Officers taking part in joint Russia-Belarus military exercises in 2013. (photo: mil.ru)
Russia has taken the first steps toward establishing its first air base in Belarus, but questions remain over how much Moscow will have to pay for the privilege.
Last month, four Russian Su-27 fighter jets and their support personnel arrived at the Baranovichi air base, near Belarus's borders with Poland and Lithiania (both NATO members). The move is part of a plan to set up a Russian fighter jet regiment, likely at another base in Belarus, by 2015. RIA Novosti writes that the new base would be "Russia’s first on Belarusian territory in modern times."
The terms of the base agreement, however, are yet to be worked out, which holds the promise of some interesting times ahead in Russia-Belarus relations. At the end of December, Russia's ambassador to Minsk said that the two sides would work out the terms together, saying that "these things don't happen for free."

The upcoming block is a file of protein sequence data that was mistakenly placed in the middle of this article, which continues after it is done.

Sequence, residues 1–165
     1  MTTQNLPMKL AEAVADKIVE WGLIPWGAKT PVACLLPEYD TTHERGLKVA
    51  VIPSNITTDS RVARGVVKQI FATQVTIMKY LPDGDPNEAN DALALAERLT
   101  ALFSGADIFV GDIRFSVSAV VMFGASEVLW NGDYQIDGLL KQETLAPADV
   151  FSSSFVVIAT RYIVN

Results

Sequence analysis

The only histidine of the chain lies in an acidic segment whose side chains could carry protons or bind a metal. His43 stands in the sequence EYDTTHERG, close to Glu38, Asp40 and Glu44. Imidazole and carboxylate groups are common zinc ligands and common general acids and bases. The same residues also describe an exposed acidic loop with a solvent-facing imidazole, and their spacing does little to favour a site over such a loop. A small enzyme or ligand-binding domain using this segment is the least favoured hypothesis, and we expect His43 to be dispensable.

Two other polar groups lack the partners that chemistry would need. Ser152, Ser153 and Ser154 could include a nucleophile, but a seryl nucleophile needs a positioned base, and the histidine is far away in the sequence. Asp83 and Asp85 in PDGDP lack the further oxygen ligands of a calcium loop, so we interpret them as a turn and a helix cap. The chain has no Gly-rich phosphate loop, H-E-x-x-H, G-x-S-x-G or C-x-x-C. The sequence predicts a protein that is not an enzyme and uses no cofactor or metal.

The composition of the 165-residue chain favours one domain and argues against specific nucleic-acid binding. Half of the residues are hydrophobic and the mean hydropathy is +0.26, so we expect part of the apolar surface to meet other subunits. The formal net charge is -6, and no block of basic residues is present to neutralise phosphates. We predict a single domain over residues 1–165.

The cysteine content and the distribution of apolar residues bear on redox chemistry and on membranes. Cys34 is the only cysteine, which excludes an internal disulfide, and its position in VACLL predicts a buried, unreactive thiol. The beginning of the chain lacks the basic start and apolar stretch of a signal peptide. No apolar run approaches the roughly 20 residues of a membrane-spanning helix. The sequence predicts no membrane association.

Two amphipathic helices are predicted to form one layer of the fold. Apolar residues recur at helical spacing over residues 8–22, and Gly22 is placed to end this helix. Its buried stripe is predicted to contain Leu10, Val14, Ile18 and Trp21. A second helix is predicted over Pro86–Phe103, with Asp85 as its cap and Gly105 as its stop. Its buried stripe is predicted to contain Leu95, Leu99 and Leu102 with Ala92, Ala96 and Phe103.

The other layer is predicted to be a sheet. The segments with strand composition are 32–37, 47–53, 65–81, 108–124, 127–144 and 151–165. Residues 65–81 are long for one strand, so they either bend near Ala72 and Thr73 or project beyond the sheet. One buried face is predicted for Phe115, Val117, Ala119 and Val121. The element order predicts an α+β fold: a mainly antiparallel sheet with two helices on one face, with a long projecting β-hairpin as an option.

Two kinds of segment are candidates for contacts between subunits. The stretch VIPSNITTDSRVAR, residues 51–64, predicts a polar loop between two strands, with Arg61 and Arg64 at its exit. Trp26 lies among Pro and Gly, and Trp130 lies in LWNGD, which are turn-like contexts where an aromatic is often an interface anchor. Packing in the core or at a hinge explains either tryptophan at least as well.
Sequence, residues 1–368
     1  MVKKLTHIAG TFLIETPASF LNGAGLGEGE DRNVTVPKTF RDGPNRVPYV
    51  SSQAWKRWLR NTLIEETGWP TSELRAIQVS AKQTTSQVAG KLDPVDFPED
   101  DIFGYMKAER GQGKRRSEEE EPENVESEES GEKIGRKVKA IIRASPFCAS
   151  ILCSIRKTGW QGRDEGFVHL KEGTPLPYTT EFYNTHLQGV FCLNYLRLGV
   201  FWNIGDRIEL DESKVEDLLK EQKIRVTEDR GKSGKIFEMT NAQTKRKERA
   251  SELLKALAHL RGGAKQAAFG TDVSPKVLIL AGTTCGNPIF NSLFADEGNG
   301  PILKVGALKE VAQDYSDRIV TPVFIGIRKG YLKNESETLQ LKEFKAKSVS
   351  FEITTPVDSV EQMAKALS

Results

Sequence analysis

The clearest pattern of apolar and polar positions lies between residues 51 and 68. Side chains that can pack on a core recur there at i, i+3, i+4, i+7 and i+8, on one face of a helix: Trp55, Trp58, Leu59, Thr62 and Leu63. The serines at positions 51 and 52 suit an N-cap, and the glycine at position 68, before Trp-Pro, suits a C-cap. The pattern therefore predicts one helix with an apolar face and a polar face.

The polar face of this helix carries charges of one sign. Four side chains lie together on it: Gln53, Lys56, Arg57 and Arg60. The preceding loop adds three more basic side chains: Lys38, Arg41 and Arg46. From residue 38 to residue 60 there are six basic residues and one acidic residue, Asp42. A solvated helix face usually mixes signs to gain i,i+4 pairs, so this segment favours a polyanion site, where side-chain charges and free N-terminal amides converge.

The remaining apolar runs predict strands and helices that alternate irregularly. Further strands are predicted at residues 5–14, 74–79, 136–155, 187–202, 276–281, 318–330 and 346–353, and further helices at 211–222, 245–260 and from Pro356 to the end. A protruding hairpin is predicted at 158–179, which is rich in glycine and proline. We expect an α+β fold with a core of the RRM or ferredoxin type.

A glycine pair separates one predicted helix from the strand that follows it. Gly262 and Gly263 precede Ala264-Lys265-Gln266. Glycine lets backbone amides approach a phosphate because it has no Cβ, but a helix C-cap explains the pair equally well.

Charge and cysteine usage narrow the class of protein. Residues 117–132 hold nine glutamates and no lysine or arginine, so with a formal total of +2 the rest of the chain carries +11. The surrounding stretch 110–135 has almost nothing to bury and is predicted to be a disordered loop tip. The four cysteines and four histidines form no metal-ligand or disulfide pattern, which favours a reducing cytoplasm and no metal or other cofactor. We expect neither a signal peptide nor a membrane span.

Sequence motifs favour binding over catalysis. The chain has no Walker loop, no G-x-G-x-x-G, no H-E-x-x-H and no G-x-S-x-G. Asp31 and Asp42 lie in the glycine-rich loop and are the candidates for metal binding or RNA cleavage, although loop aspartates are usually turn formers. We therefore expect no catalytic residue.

RIA Novosti sums up the international implications of the new Russian base:
Plans for the airbase come amid continued irritation in Moscow over combat air patrols from NATO members states Latvia and Lithuania, which lie near Belarus, wandering into areas close to Russian airspace.
European defense officials have bristled at evidence of Russia’s increased military deployments close to NATO’s border, arguing that it fuels tension with former Communist bloc countries in Central Europe and the Baltic States.
And Belarus Digest notices a couple of interesting things about the initial deployment: first, that the planes currently are under Belarussian command; and second, that they are not the variant that was initially proposed: "Instead of the Su-27SM3 fighters which were initially announced to be arriving, fighters of the 'P' class were sent to Belarus. The Su-27P is a defence aircraft and, according to open sources, is not able to use air-to-surface weapons."
Their analysis concludes:
It is evident that the bargaining for the creation of a truly Russian air force base in Belarus continues and the overall situation remains uncertain. After having deployed the first element, Moscow, for image reasons, will be interested in pushing the air force base issue through and achieving its practical implementation. For Minsk this gives them a potential opportunity to ask for the highest possible price.